Upside Down Question Mark Upside Down Exclamation
< return home

5. Unicode, HTML, and the Upside Down Exclamation

i) So how does Unicode fit in to our discussion of the two HTML numeric character references that can be used to represent the upside code exclamation (&#161; or &#xa1;)? Well, both of these HTML codes refer to the Unicode code point for the upside down exclamation point - which in conventional base 10 is 161!

ii) There are different ways of expressing 161. It can of course be expressed in base 10 decimal (161). It can also be refered to in hexadecimal or base 16. The hexadecimal representation of 161 is actually very common in the context of Unicode.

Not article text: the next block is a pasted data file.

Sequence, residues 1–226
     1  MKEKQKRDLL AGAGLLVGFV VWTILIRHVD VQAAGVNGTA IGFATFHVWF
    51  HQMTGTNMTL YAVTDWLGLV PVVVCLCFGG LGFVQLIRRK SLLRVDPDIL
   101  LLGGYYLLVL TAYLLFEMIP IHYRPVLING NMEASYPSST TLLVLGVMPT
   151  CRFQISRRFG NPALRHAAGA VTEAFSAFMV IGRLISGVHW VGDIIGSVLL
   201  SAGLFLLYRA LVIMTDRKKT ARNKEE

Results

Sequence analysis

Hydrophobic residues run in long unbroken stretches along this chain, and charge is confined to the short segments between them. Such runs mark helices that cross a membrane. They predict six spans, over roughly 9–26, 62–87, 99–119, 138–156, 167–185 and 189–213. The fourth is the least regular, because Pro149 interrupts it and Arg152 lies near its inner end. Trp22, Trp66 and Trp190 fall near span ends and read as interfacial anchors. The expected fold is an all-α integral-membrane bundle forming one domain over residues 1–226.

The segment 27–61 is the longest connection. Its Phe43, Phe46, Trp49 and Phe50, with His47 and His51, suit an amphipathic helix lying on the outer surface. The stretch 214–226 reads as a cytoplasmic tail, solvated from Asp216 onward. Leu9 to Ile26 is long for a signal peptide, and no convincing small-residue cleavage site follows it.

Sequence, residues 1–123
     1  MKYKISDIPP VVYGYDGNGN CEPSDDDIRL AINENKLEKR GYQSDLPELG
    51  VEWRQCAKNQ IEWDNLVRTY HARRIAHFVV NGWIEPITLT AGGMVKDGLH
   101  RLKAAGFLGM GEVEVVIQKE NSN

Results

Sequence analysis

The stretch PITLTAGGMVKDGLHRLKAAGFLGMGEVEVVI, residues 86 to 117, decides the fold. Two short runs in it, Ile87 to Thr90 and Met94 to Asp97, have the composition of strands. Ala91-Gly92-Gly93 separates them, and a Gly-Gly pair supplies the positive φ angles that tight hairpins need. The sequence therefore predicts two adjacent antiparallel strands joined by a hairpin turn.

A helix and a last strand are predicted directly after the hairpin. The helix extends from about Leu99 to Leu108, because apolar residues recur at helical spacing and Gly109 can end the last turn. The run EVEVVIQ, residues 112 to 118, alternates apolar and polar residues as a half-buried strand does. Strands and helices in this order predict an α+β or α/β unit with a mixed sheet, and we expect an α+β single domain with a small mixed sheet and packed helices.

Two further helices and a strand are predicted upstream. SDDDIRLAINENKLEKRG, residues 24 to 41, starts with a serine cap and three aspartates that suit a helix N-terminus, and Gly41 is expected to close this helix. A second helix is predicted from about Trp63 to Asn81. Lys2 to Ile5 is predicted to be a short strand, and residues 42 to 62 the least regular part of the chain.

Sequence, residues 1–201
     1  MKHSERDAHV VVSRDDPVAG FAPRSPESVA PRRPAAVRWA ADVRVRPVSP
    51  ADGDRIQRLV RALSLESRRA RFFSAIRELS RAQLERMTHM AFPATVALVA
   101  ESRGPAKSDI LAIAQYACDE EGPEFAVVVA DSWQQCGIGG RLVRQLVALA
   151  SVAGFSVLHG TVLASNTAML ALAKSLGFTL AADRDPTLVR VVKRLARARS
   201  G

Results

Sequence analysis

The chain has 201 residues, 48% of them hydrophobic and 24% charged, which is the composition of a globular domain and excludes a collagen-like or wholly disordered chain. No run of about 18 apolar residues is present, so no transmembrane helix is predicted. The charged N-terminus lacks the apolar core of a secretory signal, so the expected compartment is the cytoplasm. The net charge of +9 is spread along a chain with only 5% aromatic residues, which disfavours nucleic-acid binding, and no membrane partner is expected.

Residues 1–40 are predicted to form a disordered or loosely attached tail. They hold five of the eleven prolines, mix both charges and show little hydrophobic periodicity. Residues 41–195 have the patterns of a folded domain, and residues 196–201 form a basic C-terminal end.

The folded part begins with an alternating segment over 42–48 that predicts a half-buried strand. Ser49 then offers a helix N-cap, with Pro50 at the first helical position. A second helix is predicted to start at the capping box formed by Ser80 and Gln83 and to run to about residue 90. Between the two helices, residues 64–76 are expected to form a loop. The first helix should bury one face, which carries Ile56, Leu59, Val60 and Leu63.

iii) When you convert 161 to hexadecimal (base 16) you get a1. Here's how you count in hexadecimal: 0, 1, 2, 3, 4, 5, 6, 7, 8, 9, a, b, c, d, e, f. After you've exhausted those 16 digits, you combine digits to form a larger number. So after the number f, you have 10. But 10 in hexadecimal is actually 16 in decimal (base 10).

iv) The HTML code &#161; is straightforward - this refers to the Unicode code point of 161 in decimal. The # symbol just indicates that a number will follow. The &#xa1; refers to the same Unicode code point, but in hexadecimal. The #x indicates that the number to follow is in hexadecimal notion. The a1 is the actual hexadecimal number which is equivalent to the base 10 number 161.

Prev Next

Table of Contents

1. Using It: Copying / Pasting 2. Using It: Fonts & Encodings 3. Using It: HTML 4. Understanding Unicode 5. Unicode, HTML, and the Upside Down Exclamation 6. Purpose of the Upside Down Exclamation